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Iraqi Party Helping US ReasseRe: [casi] Whimsical de-Ba'thification

Iraqi Party Helping US Reassemble Saddam's Agency to Spy on Iran
Resurrection of once-feared service could backfire, critics say
San Fransico Chronicle
Tues 22 July 2003

Baghdad -- Relying on the help of an Iraqi political party, the United
States has moved to resurrect parts of Iraq's once-feared intelligence
service, with the branch that monitors Iran among the top priorities, former
Iraqi agents and politicians say.

The Iraqi National Congress, which is led by Ahmad Chalabi, the longtime
exile who is now a member of the Iraqi Governing Council, says its senior
officials have met with senior members of the so-called Iran and Turkey
branch of the Mukhabarat, or Iraqi intelligence, over the past several
weeks. The party has received documents from the intelligence officers and
recruited them into a reconstituted version of the unit, said Abdulaziz
Kubaisi, the Iraqi National Congress official responsible for the recruiting

American officials, he said, are fully informed about what the party is
doing. Iraqi intelligence officers who have been asked to rejoin the branch
contend that the United States is orchestrating the effort.

"As far as what we do, we are sending back information to the Pentagon, to
people who are responsible," Kubaisi said. "They know the nature of what
we're doing. There is coordination. We have representatives of (U.S. Defense
Secretary Donald) Rumsfeld (at the Congress)."

But some Middle East experts said trying to revive the branch before a
sovereign government is in place and working through a political party could

"This sets a bad precedent because you don't have a government in place, and
because Chalabi's party is a minority and doesn't represent the majority of
Iraqis," said Edward Walker, former ambassador to Egypt and Israel under
former President George Bush and now president of the Middle East Institute,
"I think it will be highly controversial to rebuild the intelligence arm
when there are so many unresolved questions about Iraqi intelligence from

The effort to reach out to former Iraqi intelligence officials also appears
hard to harmonize with the American drive to "de-Baathify" Iraqi society,
given the prominence of the Baath Party of Saddam Hussein in his government.

A senior American official said concern about Iran was driving some of the
discussion about moving quickly to re-establish an intelligence service. The
official said the United States recognized that Iraq had a good intelligence
apparatus focused on Iran because activities in the neighboring country
might affect Iraqi security at home.

People close to the Iran branch said the Americans had also expressed
interest in reviving the intelligence service's Syria branch.

Kubaisi also said the possibility that Iran might try to interfere in Iraq's
affairs made the revival of the Mukhabarat's Iran branch a top priority.

"There are political parties -- not the main seven ones -- who have
alliances with Iran, who are flirting with it," he said. "I think the
Iranians are interfering in Iraq's affairs. They've been meddling here for

American officials in Washington and Baghdad maintained that reviving the
Iran branch was only being discussed now. Senior U.S. officials in
Washington said the question of when and how to re-establish the Mukhabarat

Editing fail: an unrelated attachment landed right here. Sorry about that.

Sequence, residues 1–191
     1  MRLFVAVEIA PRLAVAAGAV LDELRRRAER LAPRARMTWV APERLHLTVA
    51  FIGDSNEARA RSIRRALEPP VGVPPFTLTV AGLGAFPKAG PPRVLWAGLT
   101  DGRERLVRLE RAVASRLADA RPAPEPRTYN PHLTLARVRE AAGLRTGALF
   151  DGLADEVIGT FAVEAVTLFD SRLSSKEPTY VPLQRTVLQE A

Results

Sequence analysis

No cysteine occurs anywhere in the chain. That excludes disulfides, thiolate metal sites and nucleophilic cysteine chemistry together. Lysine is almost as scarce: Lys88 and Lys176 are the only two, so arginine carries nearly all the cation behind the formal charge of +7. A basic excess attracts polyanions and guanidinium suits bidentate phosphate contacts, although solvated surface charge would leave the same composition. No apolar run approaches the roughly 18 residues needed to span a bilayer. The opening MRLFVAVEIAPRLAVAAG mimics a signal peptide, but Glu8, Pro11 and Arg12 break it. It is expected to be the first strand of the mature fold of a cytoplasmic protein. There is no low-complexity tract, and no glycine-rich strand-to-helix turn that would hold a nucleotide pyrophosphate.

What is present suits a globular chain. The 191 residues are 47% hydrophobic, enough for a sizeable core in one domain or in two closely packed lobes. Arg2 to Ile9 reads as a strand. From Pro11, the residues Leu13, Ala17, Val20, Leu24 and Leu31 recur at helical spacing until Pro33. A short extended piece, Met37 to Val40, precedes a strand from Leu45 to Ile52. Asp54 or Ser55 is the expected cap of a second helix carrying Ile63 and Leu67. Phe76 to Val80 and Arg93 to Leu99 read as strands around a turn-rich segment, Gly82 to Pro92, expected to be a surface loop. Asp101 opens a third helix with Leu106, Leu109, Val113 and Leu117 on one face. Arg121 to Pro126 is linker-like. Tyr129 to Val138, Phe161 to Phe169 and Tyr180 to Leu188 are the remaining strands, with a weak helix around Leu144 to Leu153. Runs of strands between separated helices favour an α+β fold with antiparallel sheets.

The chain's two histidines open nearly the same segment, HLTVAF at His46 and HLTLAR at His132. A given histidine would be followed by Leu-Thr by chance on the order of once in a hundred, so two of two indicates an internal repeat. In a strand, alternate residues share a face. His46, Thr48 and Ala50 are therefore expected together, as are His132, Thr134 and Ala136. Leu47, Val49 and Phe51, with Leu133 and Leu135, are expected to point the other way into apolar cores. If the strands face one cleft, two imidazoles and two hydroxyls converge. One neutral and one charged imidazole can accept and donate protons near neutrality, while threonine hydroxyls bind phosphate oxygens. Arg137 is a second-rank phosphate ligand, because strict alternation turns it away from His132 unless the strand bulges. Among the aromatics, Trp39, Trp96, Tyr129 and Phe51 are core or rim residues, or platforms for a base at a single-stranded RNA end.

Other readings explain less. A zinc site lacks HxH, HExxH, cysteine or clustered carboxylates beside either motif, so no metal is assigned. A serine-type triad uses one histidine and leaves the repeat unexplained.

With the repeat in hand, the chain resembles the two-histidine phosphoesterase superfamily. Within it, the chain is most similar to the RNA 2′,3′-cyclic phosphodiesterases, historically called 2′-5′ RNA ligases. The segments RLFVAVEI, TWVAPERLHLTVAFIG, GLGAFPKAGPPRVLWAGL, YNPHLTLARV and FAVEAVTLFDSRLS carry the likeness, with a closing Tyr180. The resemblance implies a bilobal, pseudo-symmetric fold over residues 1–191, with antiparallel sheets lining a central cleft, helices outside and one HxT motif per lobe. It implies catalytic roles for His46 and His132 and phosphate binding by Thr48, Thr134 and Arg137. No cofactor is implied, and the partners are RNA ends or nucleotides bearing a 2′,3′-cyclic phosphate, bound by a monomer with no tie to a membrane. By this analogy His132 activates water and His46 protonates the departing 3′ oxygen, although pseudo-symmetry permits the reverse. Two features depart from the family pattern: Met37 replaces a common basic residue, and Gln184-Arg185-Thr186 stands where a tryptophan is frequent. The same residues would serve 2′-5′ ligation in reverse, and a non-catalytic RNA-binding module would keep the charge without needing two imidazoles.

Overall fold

was under active consideration at the highest levels of the government. They
said that it had been discussed recently by the Deputies Committee, which
represents the second-ranking official at national security agencies, and
that the CIA had been designated the lead agency in the process.

But people close to the Iraqi members of the Iran branch say recruitment
efforts began two months ago, when the crisis over Iran's nuclear program
flared, and continue now. Sabi al-Hamed, a former Iran branch member in

in southern Iraq, said two of his former colleagues had made contact with
him two weeks ago and told him that they had been working with Americans.

The Iran unit will begin working once the Governing Council settles in and
the ministries are fully functioning, Kubaisi said. But the former Iraqi
agents who had discussions with the Iraqi National Congress and with members
of the Iran branch say the unit is already working in a building in central

Kubaisi said Iran branch members were being vetted before being signed up.
He and others close to the branch said none of the officers had been paid

"These are people we should attract and make use of," he said. "But they
shouldn't be bad people. They should not have a criminal past, and they
shouldn't be stained with people's blood."

In other developments Monday, a U.S. soldier and his Iraqi interpreter were
killed when their humvee was attacked by rocket and small-arms fire on a
highway north of Baghdad. The vehicle erupted in flames as soldiers and
Iraqi bystanders tried to rescue the occupants.

Witnesses, including U.S. artillery troops who rushed to the scene with a
medic from a nearby base, said they had dragged the interpreter out of the
humvee and tried to keep him alive, but he was badly burned and wounded,
apparently by rocket shells. Officials said three other troops had been
wounded in the attack. The assailants escaped.

The attack brought to 39 the number of U.S. troops killed in hostilities
since May 1, when President Bush declared major combat had ended in Iraq. A
spate of recent guerrilla attacks has singled out U.S. military convoys and
patrols, as well as Iraqi civilians and a mayor friendly to U.S. forces.
Page A - 13

2003 San Francisco Chronicle

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